United States District Court, W.D. Oklahoma
CHERYL A. MARLER, Plaintiff,
NANCY A. BERRYHILL, Acting Commissioner of Social Security Administration, Defendant.
MEMORANDUM OPINION AND ORDER
BERNARD M. JONES, UNITED STATES MAGISTRATE JUDGE.
Cheryl A. Marler, brings this action pursuant to 42 U.S.C.
§ 405(g) for judicial review of the Social Security
Administration's final decision finding she was not
disabled under the Social Security Act. The parties have
consented to the exercise of jurisdiction over this matter by
a United States Magistrate Judge. See 28 U.S.C.
§ 636(c). The Commissioner has filed the Administrative
Record (AR) [Doc. No. 10], and both parties have briefed
their respective positions. For the reasons stated below, the
Court reverses the Commissioner's decision and remands
the matter for further proceedings.
April 18, 2014, Plaintiff protectively filed an application
for disability insurance benefits (DIB). See AR 21.
The Social Security Administration (SSA) denied the
application initially and on reconsideration. AR 70-77.
Following a hearing, an Administrative Law Judge (ALJ) issued
an unfavorable decision dated September 21, 2015. AR 18-37.
The Appeals Council denied Plaintiff's request for
review. AR 1-6. Thus, the decision of the ALJ became the
final decision of the Commissioner. Plaintiff seeks judicial
review of this final agency decision.
The ALJ's Decision
followed the sequential evaluation process required by agency
regulations. See Fischer-Ross v. Barnhart, 431 F.3d
729, 731 (10th Cir. 2005) (explaining five-step sequential
evaluation process); see also 20 C.F.R. §
404.1520. The ALJ first determined Plaintiff had not engaged
in substantial gainful activity during the
“‘relevant period' of February 15, 2007[, ]
through her date last insured of December 31, 2008.” AR
two, the ALJ determined Plaintiff suffered from the severe
impairments of bipolar disorder, generalized anxiety
disorder, and personality disorder. AR 24. At step three,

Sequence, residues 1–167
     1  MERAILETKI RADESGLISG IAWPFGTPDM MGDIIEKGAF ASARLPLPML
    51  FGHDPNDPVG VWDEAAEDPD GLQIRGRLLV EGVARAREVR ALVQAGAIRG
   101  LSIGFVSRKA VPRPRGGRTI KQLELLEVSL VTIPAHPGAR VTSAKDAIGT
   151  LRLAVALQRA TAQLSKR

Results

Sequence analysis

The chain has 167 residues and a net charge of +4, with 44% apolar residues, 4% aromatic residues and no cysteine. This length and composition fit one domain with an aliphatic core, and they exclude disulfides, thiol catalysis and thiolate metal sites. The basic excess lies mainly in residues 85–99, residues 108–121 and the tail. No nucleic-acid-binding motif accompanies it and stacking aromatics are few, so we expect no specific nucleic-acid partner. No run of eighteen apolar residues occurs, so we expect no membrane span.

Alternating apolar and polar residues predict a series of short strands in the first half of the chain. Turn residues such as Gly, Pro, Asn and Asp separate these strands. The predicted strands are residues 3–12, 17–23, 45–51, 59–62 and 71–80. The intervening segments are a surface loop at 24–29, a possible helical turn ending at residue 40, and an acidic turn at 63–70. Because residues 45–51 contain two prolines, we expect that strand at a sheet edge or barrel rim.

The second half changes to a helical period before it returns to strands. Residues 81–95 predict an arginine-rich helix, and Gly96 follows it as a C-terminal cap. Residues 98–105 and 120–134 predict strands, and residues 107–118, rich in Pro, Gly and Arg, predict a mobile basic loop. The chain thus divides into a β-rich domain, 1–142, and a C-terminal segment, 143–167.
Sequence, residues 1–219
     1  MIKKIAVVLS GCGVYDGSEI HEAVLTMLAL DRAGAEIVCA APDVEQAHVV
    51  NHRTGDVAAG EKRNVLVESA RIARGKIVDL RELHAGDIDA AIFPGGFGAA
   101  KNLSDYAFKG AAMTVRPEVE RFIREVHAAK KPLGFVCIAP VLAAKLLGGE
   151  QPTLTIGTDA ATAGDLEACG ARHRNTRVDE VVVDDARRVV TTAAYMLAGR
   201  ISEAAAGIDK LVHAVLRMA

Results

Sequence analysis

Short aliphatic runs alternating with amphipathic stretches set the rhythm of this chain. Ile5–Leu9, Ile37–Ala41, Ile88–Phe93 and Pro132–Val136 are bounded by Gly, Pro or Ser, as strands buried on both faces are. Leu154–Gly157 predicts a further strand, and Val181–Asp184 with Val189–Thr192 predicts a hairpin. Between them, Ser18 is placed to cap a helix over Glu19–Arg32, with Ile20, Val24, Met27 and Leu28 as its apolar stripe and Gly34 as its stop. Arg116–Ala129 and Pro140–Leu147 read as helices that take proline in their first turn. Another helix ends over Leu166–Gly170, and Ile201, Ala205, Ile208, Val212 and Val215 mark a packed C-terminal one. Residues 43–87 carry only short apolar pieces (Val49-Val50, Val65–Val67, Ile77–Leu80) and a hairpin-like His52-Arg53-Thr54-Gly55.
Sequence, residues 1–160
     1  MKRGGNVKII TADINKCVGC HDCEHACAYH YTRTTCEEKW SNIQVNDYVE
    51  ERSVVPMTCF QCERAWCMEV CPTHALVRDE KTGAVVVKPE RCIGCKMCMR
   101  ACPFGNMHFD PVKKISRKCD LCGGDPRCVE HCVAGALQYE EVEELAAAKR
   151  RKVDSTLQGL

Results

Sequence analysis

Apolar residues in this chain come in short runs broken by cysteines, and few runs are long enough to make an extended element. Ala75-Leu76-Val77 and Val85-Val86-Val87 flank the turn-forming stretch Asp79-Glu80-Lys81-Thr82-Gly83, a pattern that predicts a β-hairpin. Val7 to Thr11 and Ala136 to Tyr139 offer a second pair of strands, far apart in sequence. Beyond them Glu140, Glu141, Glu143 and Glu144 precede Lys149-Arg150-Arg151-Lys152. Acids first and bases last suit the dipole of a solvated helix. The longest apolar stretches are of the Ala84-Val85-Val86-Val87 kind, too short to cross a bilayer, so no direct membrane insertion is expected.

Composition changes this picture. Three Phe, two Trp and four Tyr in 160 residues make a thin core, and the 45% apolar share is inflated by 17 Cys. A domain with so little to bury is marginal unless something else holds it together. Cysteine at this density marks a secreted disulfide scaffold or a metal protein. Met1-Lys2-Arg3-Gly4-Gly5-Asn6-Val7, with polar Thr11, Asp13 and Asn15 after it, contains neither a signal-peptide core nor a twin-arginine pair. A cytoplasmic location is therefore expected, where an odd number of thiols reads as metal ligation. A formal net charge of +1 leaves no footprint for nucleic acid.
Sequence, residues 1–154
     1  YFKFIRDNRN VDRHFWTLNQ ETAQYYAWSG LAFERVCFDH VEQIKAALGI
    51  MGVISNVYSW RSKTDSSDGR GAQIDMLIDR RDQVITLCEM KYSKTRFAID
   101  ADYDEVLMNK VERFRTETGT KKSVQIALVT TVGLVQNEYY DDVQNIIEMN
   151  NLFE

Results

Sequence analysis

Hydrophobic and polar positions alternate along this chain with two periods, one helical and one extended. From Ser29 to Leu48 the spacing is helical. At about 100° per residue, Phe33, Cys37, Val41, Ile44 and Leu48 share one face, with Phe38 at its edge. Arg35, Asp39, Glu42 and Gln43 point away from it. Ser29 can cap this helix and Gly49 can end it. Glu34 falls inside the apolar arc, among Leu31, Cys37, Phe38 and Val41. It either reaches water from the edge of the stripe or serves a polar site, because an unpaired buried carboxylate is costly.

the ALJ found Plaintiff's impairments do not meet or
medically equal any of the impairments listed at 20 C.F.R.
Part 404, Subpart P, Appendix 1. AR 26-27.
next determined Plaintiff's residual functional capacity
[Plaintiff] has the residual functional capacity to perform
light work as defined in 20 CFR 404.1567(b) except with
lifting no more than 20 pounds at a time; frequent lifting or
carrying up to 10 pounds; standing/walking 6 hours out of an
8-hour workday; sitting 6 hours out of an 8-hour workday; and
no climbing ladders, ropes or scaffolds. [Plaintiff] is able
to understand, remember and carry out simple instructions
consistent with unskilled work that is repetitive and routine
in nature and able to relate and interact with coworkers and
supervisors on a work-related basis only with no to minimal
interaction with the general public. [Plaintiff] can adapt to
a work situation with these limitations/restrictions and her
medications would not preclude her from remaining reasonably
alert to perform required functions presented in a work
AR 27-31. The ALJ determined Plaintiff was unable to perform
any past relevant work. AR 31. Relying on the testimony of a
vocational expert (VE), the ALJ found there were other jobs
that existed in significant numbers in the national economy
that Plaintiff could perform-inspector hand packager, mail
sorter, and electrical accessories assembler. AR 31-32. The
ALJ concluded, therefore, that Plaintiff was not disabled for
purposes of the Social Security Act. AR 33.
Issue Presented for Judicial Review
seeks judicial review raising two claims of error. First,
Plaintiff claims the ALJ improperly rejected the opinion of a
consultative psychological examiner leading to error in the
RFC. Second, Plaintiff claims that she is unable to work any
of the jobs the ALJ identified at step five.
Standard of Review
review of the Commissioner's final decision is limited to
determining whether the factual findings are supported by
substantial evidence in the record as a whole and whether the
correct legal standards were applied. See Poppa v.
Astrue, 569 F.3d 1167, 1169 (10th Cir. 2009).
“Substantial evidence is such relevant evidence as a
reasonable mind might accept as adequate to support a
conclusion.” Doyal v. Barnhart, 331 F.3d 758,
760 (10th Cir. 2003) (quotation omitted). A decision is not
based on substantial evidence if it is overwhelmed by other
evidence in the record or if there is a mere scintilla of
evidence supporting it. Branum v. Barnhart, 385 F.3d
1268, 1270 (10th Cir. 2004). The court “meticulously
examine[s] the record as a whole, including anything that may
undercut or detract from the ALJ's findings in order to
determine if the substantiality test has been met.”
Wall v. Astrue, 561 F.3d 1048, 1052 (10th Cir. 2009)
(citations omitted). While the court considers whether the
ALJ followed the ...